What sign-language interpreters make of the likes of Lady Gaga and Bon Jovi

Washington Post Staff Writer
Wednesday, March 2, 2011; 9:13 AM

The first question that interpreters get asked is, "But why would a deaf person go to a concert?" They think it's a silly question, but everyone asks it.

Going to a concert is partly about hearing the songs. It is equally about the costumes, the spectacle, the pulsing, the convulsing - the sticky, claustrophobic mass of humanity. When you consider this, it makes perfect sense that deaf people go to concerts.

But someone still needs to interpret the words.

In the upstairs computer room of her house in Riverdale, Traci Ison ponders the metaphorical question that freaky teens and worried parents have been asking for two years, but this time in a very literal way. How do you interpret Lady Gaga?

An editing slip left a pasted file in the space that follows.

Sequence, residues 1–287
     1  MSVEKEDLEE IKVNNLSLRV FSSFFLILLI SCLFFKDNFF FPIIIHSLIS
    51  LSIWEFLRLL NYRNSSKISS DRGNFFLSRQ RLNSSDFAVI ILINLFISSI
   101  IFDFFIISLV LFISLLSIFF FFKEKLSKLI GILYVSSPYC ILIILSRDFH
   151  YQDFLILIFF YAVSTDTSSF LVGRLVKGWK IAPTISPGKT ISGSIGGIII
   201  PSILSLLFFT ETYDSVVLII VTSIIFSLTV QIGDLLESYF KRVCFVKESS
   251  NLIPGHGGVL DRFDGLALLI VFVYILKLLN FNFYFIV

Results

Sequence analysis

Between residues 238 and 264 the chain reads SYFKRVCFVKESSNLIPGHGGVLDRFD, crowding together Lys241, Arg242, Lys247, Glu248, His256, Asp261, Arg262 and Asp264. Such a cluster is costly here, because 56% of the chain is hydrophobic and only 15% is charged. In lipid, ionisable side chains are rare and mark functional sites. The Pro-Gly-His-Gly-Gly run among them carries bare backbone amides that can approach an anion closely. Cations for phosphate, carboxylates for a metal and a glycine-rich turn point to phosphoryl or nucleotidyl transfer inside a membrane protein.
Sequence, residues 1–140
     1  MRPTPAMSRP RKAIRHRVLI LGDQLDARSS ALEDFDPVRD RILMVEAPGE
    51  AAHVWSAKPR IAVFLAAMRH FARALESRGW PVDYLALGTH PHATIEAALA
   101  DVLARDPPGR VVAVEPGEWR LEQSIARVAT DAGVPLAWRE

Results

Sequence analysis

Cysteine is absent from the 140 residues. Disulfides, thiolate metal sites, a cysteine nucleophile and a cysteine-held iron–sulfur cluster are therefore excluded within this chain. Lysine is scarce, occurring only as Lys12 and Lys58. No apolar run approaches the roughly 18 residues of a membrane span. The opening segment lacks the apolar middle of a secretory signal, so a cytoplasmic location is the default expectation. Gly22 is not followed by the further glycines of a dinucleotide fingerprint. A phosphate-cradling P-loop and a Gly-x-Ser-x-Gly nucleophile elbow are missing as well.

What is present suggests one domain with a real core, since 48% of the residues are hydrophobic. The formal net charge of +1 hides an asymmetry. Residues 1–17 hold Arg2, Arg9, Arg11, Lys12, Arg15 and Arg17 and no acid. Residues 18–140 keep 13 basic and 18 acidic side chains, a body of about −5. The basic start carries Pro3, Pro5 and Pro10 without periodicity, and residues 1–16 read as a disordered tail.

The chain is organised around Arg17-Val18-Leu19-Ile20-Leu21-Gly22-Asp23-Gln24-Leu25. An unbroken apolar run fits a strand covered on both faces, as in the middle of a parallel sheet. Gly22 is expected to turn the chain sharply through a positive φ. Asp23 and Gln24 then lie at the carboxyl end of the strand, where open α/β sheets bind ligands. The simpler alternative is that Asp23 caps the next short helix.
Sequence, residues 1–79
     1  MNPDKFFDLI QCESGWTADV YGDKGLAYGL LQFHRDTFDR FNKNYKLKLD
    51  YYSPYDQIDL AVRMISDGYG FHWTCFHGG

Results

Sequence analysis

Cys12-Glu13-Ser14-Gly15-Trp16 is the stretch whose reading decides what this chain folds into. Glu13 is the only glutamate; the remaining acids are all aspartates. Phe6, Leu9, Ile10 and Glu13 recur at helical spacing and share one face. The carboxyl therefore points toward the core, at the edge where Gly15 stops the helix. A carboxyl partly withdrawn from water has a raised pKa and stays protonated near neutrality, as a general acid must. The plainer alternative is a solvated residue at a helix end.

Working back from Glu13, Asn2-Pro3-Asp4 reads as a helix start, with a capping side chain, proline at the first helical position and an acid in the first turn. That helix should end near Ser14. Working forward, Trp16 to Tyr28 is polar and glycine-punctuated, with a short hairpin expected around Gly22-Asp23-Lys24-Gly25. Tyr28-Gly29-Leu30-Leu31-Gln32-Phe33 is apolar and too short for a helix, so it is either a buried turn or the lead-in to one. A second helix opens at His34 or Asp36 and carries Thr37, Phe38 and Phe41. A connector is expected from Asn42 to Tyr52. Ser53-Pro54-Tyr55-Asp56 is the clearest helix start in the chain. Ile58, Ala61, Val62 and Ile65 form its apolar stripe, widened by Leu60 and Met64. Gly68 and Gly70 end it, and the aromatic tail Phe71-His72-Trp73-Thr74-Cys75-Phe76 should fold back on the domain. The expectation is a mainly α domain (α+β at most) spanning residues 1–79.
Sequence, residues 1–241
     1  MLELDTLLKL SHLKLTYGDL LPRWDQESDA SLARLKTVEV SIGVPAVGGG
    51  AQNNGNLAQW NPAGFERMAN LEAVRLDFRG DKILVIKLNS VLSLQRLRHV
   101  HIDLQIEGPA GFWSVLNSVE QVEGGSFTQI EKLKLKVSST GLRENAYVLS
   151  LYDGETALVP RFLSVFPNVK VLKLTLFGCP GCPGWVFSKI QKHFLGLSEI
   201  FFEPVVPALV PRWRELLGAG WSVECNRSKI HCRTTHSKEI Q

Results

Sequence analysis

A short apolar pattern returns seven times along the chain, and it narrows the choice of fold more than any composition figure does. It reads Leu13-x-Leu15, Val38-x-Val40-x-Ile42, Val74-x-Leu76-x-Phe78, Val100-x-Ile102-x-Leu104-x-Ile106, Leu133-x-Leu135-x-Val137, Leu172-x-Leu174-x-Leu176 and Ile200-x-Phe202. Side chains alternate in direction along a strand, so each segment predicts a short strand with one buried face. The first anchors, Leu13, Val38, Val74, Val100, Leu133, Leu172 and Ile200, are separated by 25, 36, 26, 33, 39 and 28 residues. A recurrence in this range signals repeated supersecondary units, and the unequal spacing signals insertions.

Here is the lyric:

"Come on now, this beat is sick. I wanna take a ride on your disco stick."

Here is the problem:

1. There is no ideal translation for the word "disco" in this circumstance.

2. The word Ison might normally sign for "stick" generally refers to what would snap off of a tree branch.

Thus, if the sentence is translated word-for-word from English to its corresponding signs, the resulting phrase could come across as something like, "I want to ride on the twig of John Travolta's dance moves."

Lady Gaga's "Love Game" is metaphorical, but exactly how metaphorical is it? Is the tone coy? Callous? Flirty? Dirty?

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